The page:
John FitzGerald: Increasing numbers in education could pay off for Ireland

Fall in labour force participation rates down to people staying longer in third-level

The effect of the recession years has been to encourage a large number of young people to persist in their education. Photograph: Dara Mac Dónaill

The effect of the recession years has been to encourage a large number of young people to persist in their education. Photograph: Dara Mac Dónaill

 

During the crisis years there was great concern that the huge rise in unemployment and extensive emigration would do permanent damage to the economy.

After the earlier 1980s crisis, many individuals had become long-term unemployed, while others dropped out of the labour force altogether. This time around things are rather different.

The economic collapse between 2008 and 2010 had a much bigger impact on men than on women. Whereas, before the crisis, male and female unemployment rates were very similar, the male rate peaked at 18 per cent of the labour force in 2012, while the female rate peaked at 12 per cent.

Emigration rates also showed a distinct gender pattern: the total net emigration rate for men aged 15-34 between 2009 and 2015 amounted to 13 per cent; for women it was only 5 per cent. The biggest job losses of the recession were in the predominantly male construction sector, which largely explains why men were harder hit.*

Since its peak early in 2012, the long-term unemployment rate for both women and men has more than halved and is still falling steadily. If the economy continues to grow, we can look forward to a return to full employment by the end of the decade.

The economic crisis has had a more permanent effect on labour force participation rates, raising concerns about a “discouraged worker” effect.

The male labour force participation rate is today 84 per cent (for those aged 20-64), down from 87 per cent in 2007. The female participation rate, which had been rising over the preceding decade, is now little different from what it was in 2007. However, it is essential to look behind the headline data.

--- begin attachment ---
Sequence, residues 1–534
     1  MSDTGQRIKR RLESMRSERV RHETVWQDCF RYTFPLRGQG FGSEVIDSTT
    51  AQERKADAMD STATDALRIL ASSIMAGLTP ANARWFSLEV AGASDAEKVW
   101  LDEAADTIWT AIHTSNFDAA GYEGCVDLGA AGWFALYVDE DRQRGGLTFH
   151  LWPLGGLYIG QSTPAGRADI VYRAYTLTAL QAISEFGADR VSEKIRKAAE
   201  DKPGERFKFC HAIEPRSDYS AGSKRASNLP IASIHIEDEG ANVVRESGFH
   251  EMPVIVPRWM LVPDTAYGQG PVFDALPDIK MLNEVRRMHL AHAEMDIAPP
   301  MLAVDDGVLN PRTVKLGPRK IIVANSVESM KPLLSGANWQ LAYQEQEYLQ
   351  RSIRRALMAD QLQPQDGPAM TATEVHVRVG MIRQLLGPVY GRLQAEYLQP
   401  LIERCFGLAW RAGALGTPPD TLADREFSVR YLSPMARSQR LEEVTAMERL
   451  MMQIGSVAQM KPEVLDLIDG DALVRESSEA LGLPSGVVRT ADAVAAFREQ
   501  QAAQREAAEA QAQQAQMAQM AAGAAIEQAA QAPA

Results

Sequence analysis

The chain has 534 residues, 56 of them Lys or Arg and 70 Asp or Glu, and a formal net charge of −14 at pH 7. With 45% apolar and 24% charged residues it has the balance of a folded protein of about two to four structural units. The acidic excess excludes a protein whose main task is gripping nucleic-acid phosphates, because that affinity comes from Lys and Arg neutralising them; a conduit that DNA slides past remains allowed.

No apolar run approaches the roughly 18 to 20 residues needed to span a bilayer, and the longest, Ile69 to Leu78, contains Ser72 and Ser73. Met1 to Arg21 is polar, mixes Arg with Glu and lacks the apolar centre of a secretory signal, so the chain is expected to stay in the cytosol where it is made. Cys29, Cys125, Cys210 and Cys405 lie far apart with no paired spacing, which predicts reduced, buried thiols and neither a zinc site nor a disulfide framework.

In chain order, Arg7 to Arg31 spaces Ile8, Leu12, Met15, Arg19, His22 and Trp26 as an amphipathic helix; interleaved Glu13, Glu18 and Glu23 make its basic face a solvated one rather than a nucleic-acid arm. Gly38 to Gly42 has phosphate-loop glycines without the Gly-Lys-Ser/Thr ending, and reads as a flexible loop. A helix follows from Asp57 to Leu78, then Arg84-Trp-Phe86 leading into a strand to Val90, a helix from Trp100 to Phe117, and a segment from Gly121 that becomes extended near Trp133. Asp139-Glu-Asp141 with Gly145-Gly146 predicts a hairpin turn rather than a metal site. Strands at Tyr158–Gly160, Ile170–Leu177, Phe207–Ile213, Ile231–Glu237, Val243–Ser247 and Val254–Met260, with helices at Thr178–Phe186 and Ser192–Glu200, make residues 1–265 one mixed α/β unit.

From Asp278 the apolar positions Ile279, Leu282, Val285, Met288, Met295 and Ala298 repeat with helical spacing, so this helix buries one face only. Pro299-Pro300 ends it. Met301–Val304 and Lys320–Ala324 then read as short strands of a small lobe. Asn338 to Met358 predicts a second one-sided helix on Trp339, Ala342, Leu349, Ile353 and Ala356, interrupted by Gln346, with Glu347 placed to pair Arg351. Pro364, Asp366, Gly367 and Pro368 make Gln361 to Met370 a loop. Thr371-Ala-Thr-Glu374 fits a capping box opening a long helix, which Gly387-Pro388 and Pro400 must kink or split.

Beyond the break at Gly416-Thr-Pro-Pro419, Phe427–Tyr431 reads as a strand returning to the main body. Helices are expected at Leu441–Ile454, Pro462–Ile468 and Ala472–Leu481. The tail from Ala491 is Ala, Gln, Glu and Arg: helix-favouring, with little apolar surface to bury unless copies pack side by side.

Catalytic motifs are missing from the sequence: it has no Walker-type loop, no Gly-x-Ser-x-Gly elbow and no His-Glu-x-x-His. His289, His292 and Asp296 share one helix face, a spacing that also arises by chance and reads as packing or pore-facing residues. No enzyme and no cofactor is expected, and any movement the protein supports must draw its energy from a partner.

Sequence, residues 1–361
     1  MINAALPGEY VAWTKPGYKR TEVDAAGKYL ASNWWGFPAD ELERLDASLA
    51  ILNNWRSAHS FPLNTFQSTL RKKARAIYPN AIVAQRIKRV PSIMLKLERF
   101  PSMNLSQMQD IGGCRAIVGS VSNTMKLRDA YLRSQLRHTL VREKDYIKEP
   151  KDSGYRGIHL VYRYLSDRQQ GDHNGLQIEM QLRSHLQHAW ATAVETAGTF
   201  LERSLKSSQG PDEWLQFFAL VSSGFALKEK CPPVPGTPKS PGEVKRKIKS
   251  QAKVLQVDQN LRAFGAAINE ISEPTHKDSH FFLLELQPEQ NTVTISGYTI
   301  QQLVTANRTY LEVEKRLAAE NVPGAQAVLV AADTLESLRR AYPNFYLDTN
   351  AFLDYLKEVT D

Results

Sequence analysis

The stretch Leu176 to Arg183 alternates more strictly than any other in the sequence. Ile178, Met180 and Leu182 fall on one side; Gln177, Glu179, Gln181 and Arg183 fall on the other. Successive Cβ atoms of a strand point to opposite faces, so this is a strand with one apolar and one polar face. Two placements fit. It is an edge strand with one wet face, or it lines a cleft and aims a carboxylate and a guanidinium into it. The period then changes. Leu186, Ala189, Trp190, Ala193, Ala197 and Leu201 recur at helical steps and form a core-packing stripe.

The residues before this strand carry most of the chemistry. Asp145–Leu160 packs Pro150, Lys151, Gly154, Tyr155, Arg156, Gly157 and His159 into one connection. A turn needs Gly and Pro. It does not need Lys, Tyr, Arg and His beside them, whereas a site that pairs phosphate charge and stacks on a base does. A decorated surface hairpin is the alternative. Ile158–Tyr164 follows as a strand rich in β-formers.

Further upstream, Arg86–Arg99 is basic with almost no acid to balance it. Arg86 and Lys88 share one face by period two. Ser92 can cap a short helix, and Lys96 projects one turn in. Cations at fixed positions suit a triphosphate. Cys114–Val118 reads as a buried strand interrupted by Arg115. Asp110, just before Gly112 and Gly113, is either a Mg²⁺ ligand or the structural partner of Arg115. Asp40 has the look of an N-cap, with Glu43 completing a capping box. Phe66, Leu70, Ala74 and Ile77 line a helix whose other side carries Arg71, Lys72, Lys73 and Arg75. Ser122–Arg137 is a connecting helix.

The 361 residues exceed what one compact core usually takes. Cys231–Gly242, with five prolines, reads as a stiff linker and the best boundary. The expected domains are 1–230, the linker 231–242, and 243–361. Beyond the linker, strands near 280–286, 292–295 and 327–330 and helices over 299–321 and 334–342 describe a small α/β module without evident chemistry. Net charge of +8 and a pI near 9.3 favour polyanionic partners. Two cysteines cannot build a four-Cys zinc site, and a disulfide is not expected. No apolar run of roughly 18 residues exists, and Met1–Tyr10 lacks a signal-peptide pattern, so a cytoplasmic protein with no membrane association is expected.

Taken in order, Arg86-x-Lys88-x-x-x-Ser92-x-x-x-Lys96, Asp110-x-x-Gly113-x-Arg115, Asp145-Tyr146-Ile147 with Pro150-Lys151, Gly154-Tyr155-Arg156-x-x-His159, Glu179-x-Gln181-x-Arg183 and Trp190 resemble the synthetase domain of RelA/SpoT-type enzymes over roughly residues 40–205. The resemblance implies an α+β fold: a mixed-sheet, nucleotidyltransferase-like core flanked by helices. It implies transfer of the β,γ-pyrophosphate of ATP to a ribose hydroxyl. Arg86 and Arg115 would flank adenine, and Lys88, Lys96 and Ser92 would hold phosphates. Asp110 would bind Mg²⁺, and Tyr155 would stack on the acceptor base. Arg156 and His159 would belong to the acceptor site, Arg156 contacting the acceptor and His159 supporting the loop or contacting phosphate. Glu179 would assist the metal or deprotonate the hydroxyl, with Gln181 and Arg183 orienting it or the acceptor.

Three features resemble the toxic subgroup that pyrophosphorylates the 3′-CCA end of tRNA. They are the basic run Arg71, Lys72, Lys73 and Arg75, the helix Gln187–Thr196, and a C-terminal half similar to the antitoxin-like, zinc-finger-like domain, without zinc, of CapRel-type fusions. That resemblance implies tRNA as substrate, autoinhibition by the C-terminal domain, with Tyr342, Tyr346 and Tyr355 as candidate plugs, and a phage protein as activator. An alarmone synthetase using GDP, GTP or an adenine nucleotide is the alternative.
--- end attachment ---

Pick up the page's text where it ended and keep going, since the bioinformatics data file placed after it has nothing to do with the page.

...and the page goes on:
All of the fall in participation rates has been concentrated in the cohort of men and women aged 20-29. The data show that this decline in participation is explained by a very big increase in the numbers remaining in education, rather than opting out of the labour force altogether.

Boom years

Clearly, the effect of the recession years has been to encourage a large number of young people to persist in their education. In the boom years, many boys left school before Leaving Certificate to take up employment, especially in building. However, these job opportunities disappeared after 2007 and, as a result, many more boys are completing their Leaving Cert today.

For girls, the proportion completing their second level education was already high before the recession began and it has remained high.

However, the really big change in behaviour since 2007 is among men and women in their 20s. In 2007, just under a quarter of those aged 20-24 were students. Today the proportion has risen to 40 per cent, with both men and women increasing their propensity to stay in education.

Increased participation in third level education during a recession is not unusual. Research shows similar findings for the UK and Sweden. However, where Ireland stands out today is that, with a return to growth, there is no sign of a return to previous levels of educational participation for those in their 20s.

With fewer people today in their 20s, Ireland’s numbers in this age group in third level would have fallen from 110,000 in 2007 to just 70,000 today, if education participation rates had remained at the 2007 level. Instead, the sustained increase in education participation means there are now 120,000 students in 2016, causing major pressure on the third-level sector.

While there has been a limited increase in the total number of graduates, increased participation rates are partly due to individual students spending more years in college: people in their 20s today spend an additional year as students compared to 2007.

If increased time spent in education by those in their 20s raises their productivity and life-time earnings, it will prove a very valuable investment both for the individuals and for society as a whole. However, if spending longer in college has just reflected reduced job opportunities, without a commensurate rise in expected life-time earnings, then a reversion to the lower education participation rates of the pre-crisis years may be sensible.

As yet we don’t have an answer to whether the investment in extra education pays off. If it was a good investment, then much of the lost output of the last seven years may be recouped by higher growth in years to come. However, if spending longer in college doesn’t raise lifetime productivity, investing private and public resources in this form of increased participation should perhaps be revisited.

* Recent Trends in Female Labour Force Participation in Ireland by Maxime Bercholz and John FitzGerald/ESRI http://iti.ms/2cDPg95

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